On Our Daughter’s Wedding Day
by Sudha Balagopal
I don’t miss wearing bright colors―red, orange, purple―or jasmine in my hair. I don’t miss the elaborate maroon bindis on my forehead. I don’t even miss the taali you knotted around my neck at our marriage ceremony―the one the priest commanded me to remove after death claimed you.
I do miss being a part of the religious pujas from which I must keep my distance as if I’m tainted, as if I’m contagious, as if my cursed ill-fortune can spread.
And, I miss you.
I miss you with an ache in my body’s cradle, where our daughter grew for nine months. I miss you because I cannot shower our child with love on this, her special day. I miss you because I’m told I shouldn’t stand on the mandapam where she’ll place her hand in her groom’s, where she’ll take the saptapadi―the seven steps of marriage―where her groom will tie her taali.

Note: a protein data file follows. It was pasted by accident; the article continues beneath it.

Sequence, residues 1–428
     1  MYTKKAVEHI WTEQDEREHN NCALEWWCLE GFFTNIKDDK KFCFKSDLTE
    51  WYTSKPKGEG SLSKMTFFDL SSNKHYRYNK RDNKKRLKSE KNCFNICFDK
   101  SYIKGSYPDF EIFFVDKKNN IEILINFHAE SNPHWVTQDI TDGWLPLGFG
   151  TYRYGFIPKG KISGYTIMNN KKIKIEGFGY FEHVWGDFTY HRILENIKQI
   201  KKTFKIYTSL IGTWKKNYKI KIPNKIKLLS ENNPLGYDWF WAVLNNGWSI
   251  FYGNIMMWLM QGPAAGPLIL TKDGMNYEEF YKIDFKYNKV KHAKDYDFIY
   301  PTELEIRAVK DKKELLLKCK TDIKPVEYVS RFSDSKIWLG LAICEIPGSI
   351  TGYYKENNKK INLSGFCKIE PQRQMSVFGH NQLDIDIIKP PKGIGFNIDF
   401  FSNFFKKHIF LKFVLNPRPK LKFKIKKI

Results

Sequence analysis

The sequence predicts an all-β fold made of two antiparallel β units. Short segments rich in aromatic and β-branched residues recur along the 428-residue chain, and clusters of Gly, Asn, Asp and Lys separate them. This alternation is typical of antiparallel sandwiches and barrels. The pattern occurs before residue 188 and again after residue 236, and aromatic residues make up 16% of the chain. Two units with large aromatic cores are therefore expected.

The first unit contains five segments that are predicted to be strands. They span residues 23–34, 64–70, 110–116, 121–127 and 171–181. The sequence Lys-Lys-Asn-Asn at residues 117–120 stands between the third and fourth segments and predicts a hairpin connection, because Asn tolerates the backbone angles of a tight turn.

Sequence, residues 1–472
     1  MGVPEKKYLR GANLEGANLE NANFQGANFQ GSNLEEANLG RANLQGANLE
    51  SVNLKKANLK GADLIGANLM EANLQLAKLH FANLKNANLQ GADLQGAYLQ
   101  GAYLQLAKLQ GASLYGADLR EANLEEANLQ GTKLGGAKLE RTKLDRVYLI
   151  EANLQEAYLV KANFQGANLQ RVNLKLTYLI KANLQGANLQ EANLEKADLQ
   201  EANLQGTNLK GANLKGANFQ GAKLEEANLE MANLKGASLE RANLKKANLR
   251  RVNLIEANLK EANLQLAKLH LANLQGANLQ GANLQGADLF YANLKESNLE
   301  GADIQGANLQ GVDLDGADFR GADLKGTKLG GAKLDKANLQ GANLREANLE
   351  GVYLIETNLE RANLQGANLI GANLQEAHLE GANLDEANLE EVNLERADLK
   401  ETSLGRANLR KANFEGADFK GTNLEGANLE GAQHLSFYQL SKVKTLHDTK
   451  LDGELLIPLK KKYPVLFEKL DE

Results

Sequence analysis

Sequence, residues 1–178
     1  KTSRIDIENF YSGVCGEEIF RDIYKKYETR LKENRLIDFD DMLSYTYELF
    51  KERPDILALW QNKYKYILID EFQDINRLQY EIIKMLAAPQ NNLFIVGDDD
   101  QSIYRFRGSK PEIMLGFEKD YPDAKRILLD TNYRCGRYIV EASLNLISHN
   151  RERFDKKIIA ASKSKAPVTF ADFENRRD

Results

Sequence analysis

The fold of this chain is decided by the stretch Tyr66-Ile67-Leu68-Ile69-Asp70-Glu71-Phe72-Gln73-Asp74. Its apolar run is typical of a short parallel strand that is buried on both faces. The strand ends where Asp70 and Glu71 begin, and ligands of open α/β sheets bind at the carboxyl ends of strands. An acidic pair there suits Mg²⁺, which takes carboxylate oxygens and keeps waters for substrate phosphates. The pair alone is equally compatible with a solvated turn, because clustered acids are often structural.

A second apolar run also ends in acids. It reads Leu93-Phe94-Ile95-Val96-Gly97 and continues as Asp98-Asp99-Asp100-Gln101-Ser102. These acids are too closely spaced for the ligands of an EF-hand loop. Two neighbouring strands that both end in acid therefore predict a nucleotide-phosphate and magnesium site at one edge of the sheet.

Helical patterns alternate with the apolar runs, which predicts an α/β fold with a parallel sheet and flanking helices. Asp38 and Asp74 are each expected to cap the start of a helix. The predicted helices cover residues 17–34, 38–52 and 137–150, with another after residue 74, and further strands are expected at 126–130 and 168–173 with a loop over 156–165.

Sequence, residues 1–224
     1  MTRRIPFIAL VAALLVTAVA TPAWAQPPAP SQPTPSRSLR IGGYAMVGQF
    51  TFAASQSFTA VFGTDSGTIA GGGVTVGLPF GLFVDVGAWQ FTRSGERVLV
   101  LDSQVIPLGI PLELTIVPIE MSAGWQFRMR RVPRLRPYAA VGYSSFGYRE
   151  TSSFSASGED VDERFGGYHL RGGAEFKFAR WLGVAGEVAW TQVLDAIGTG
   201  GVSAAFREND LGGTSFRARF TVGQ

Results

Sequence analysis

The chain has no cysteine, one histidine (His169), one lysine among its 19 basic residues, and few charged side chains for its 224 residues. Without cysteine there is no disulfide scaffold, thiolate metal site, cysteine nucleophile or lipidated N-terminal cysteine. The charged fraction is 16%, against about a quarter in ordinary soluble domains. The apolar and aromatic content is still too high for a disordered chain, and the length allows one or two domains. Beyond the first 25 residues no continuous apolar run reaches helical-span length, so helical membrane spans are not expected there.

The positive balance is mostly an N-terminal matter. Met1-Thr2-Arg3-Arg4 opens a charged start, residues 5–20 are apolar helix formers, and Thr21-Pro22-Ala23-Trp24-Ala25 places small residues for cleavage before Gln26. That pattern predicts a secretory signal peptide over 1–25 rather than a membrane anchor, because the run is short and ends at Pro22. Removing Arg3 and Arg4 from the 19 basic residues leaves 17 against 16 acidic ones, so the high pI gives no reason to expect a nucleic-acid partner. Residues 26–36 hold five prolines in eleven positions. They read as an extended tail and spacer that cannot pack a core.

I miss you because if you were here, I wouldn’t be expected to watch our daughter’s nuptials from afar, shredding a moist, muslin handkerchief. I miss you because I’m instructed to stay tucked away, like a pariah, while your brother will take your place at the ceremony and his wife mine―as proxies for you and me.
I miss you, so I heave uneven breaths, then toss the handkerchief in the bin. I miss you, so I adjust the pleats of my sari. I miss you, so I straighten my spine, walk up to the mandapam. I miss you so I stand next to our daughter and her groom, offer them our blessings, yours and mine.